And that can have a ripple effect on diversity among graduate students, he said: “A big part of getting underrepresented students to get their Ph.Ds or MDs or even a master’s degree is to make sure they can actually get to undergrad.”

Motivated in part by the Supreme Court cases, the association this year launched the California Private College is Possible Alliance, a joint outreach effort that works with high school and community college counselors to break down barriers that might prevent low-income students and students of color from pursuing private education.

The alliance has created a centralized landing webpage where counselors can find information about private colleges throughout the state, including their application process, available financial aid and unique programs they offer. It plans to host college fairs across the state for high school and community college students.

“We want to be loud and clear that they should not (opt themselves out),” said Masias, whose university is participating. “Still be intentional and strive for your educational aspirations. We’re still here. We still welcome you. Please apply.”

UCLA students, surrounded by Los Angeles police officers, sit on Wilshire Boulevard during an anti-Proposition 209 protest in front of the Federal Building in the Westwood section of Los Angeles on Oct. 23, 1996.
Frank Wiese
AP Photo
UCLA students, surrounded by Los Angeles police officers, sit on Wilshire Boulevard during an anti-Proposition 209 protest in front of the Federal Building in the Westwood section of Los Angeles on Oct. 23, 1996.

The UC example

However, Zachary Bleemer, a Yale economics professor who studied the impact of affirmative action at the University of California before California’s Proposition 209 made it illegal in 1996, notes that these initiatives might not be as effective as affirmative action.

He compared affirmative action to two alternative UC policies to increase representation of underrepresented minorities, a category that includes Black, Hispanic, and Native American students.

Bleemer studied the admissions cycles between 1994 and 2021 and found that both alternatives — guaranteeing UC acceptance to the top 9% of California students and holistic application review — had a much smaller impact than race-based affirmative action. While affirmative action increased underrepresented minority enrollment by over 20%, the UC’s top percent policies increased it by less than 4% and holistic review by about 7%, he found.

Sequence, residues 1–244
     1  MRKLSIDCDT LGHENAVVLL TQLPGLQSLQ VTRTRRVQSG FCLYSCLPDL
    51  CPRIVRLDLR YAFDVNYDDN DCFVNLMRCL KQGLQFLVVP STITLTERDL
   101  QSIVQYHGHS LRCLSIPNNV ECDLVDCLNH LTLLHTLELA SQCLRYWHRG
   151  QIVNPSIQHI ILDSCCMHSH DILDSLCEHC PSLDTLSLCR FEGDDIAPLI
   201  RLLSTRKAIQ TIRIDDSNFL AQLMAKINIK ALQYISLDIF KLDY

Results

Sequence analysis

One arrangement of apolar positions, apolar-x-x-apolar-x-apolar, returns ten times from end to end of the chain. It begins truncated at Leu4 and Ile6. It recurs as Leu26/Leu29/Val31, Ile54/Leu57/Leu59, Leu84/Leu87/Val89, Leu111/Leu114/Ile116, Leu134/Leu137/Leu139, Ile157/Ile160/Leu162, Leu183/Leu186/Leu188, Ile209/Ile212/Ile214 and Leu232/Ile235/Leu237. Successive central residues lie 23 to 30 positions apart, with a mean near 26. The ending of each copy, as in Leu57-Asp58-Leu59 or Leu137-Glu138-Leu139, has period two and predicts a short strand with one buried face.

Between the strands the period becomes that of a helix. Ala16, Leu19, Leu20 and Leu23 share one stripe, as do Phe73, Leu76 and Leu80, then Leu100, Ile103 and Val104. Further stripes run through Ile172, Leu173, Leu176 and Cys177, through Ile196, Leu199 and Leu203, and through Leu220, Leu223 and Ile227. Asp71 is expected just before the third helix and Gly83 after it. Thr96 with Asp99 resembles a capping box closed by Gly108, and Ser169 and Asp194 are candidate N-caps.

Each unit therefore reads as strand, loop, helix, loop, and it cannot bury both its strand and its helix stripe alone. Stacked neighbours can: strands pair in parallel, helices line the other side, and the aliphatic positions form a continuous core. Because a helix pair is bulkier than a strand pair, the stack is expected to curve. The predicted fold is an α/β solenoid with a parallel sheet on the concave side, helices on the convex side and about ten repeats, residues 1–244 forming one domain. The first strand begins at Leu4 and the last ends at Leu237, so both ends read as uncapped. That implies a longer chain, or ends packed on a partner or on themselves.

“Despite the fact that universities are going to go out of their way to try to implement replacement policies for race-based affirmative action to maintain diversity on campus, nevertheless, diversity is going to fall, Black and Hispanic enrollment and expectation is going to fall, at selective private universities,” Bleemer predicted.

At UC Berkeley and UCLA, the two most competitive campuses in the UC system, underrepresented minority enrollment dropped significantly after Proposition 209, plunging by about 50 percent at Berkeley.

Although underrepresented minority enrollment on those campuses has increased during the past 30 years, it does not reflect those groups’ share of California high school graduates, and Black student enrollment still has not returned to pre-Prop 209 levels.

The ban led to a cascade effect, Bleemer said, where Black and Latino students fell down the ladder of selectivity within UC and it ultimately pushed some students who were at the bottom completely out of higher education.

“Kids who had previously gone to Berkeley, the affirmative action ban goes into place, now they go to Davis. Kids who were previously going to Davis now go to Riverside, etc,” Bleemer said. “So you see this sort of shift of the full distribution of Black and Hispanic students into somewhat less selective universities.”

UC Berkeley has partially reversed that trend; for the freshman class of 2020, Black and Latino enrollment increased by about 40% over the previous year and has stayed steady since.

“I think (an affirmative action ban) would be a real gut check moment for many institutions to understand, well, what is your true commitment to diversity and to equity?”

Olufemi Ogundele, the university’s dean of undergraduate admissions, said since being hired in 2019, he’s focused on altering three aspects of the admissions process: student outreach, application evaluation, and messaging.

He and his team worked to ensure that their outreach was tailored to the specific needs of the students and communities they were speaking to. Given how selective UC Berkeley is, he noted that “it’s not just about going out into communities and talking about coming to Berkeley. It’s much more about going out into communities and talking about college options that they have, and using Berkeley as a template to describe those options for those families.”

He worked to “humanize the evaluation process” by requiring admissions counselors to have “local expertise on the environments that they were reading from.”

“This has been allowing diverse versions of excellence to emerge in our evaluation process, which has been incredibly helpful, especially when we start thinking about geographic range, which we’ve been trying to really capture, as we are a public flagship trying to represent the entire state, and not just pieces of it,” Ogundele said.

Ogundele also stressed the importance of ensuring that every admitted student understands their value to the university.

“We changed our messaging from ‘You’re so lucky to be here’ to ‘We are lucky to have you,’ ” he said.